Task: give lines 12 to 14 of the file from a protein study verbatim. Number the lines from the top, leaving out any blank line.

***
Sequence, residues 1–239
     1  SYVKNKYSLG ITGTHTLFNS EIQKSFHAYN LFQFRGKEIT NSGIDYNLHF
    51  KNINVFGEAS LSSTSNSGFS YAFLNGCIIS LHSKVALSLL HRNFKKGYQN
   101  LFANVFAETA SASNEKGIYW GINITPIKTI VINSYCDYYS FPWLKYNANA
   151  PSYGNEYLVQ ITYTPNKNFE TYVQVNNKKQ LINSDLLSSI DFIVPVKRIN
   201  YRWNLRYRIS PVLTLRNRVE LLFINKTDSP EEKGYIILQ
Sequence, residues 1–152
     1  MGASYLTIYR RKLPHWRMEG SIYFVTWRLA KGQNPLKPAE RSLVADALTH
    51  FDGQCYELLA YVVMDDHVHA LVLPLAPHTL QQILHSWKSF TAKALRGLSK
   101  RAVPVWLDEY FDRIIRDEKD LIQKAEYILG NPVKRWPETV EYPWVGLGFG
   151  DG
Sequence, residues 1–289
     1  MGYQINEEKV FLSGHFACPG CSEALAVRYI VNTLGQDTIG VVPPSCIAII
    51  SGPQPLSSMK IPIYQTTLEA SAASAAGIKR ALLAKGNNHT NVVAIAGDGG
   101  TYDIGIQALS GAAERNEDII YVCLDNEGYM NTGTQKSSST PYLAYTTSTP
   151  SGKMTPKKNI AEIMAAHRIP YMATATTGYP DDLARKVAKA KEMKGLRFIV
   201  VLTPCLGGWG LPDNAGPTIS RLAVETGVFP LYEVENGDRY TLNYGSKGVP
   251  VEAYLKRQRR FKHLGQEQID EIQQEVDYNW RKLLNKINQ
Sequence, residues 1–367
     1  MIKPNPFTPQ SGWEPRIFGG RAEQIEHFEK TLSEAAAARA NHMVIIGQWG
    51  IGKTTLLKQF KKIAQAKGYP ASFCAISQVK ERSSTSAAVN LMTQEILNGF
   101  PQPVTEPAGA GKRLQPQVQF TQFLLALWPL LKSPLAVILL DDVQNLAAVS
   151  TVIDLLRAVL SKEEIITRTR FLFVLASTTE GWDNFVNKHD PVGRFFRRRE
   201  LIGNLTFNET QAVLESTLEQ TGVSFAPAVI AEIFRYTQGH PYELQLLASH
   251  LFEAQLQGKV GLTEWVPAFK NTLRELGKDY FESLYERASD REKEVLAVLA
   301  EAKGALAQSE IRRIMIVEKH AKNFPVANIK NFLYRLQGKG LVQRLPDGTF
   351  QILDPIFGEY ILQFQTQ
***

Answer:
Sequence, residues 1–289
     1  MGYQINEEKV FLSGHFACPG CSEALAVRYI VNTLGQDTIG VVPPSCIAII
    51  SGPQPLSSMK IPIYQTTLEA SAASAAGIKR ALLAKGNNHT NVVAIAGDGG